‘A River Runs Through It’

posted in: Oregon | 0

 

Move over Missoula, MT and Robert Redford.  The “crown jewel” of Oregon’s state parks system, Silver Falls State Park, also has  A River Runs Through It

Located about 25 windy miles east of Salem, Silver Falls State Park’s 9,000 acres offer camping, picnicking, a historic district, conference center, and 25 miles of multi-use trails friendly to horses, hikers, hikers with dogs, trail runners and mountain bikers. (Some trails are restricted. Be sure to check signage.)

The highlight of this park is the Trail of Ten Falls. We’re talking serious Wow Factor here.

This nationally recognized hiking trail snakes through a series of waterfalls along a rocky canyon thick with ferns, Big Leaf Maples, Western hemlock, Douglas fir and Alder trees. You pass behind several of the canyon’s most impressive gushers. (Hello, Hawkeye!)

The total loop trail is about nine miles. It offers several connecting points for shorter hikes, depending on what you want to see and how much time you have. For the best “Wow!” factor, you’ll probably want to start from the Stone Circle in the South Falls Day Use Area. Proceed along the Canyon Trail.
This trail might also double as the “International Trail.” The day we hiked this loop, we met hikers from half a dozen different states as well as Canada, Poland, France, Australia, Switzerland, Germany, and the U.K. Also the entire coaching staff of the University of Minnesota.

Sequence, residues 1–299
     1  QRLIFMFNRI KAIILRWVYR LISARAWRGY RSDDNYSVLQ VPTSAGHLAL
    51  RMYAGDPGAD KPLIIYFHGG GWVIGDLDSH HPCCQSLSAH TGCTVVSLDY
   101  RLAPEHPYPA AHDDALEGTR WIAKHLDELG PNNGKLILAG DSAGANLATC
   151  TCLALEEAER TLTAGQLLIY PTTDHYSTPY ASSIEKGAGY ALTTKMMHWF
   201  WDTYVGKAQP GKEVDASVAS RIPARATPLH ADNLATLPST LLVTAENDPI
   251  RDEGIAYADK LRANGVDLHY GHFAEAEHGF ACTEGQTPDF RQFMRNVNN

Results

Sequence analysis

Official signage pegs the Trail of Ten Falls as “moderately difficult.” Nah. The trail includes some ups and downs and a few switchbacks. But the climbs are relatively short. The grades are mild. It’s a pretty easy hike for anyone in halfway decent shape. (If you’re not in halfway decent shape and tackle this trail, I won’t say “I told you so.” But I did tell you so.)

Also, the “No Trail” or “Stay Behind Rails” signs/barricades are there for a reason.

Arrive early to avoid crowds, especially on clear, sunny summer weekends. We arrived just after opening – at 8:00 a.m. – and had the trail to ourselves for a couple hours. There’s a $5.00 day use fee. Self-pay stations are located in parking lots.

And yes, on the west and north portions of the trail, a river runs through it. You’ll have to drive a ways for Missoula.

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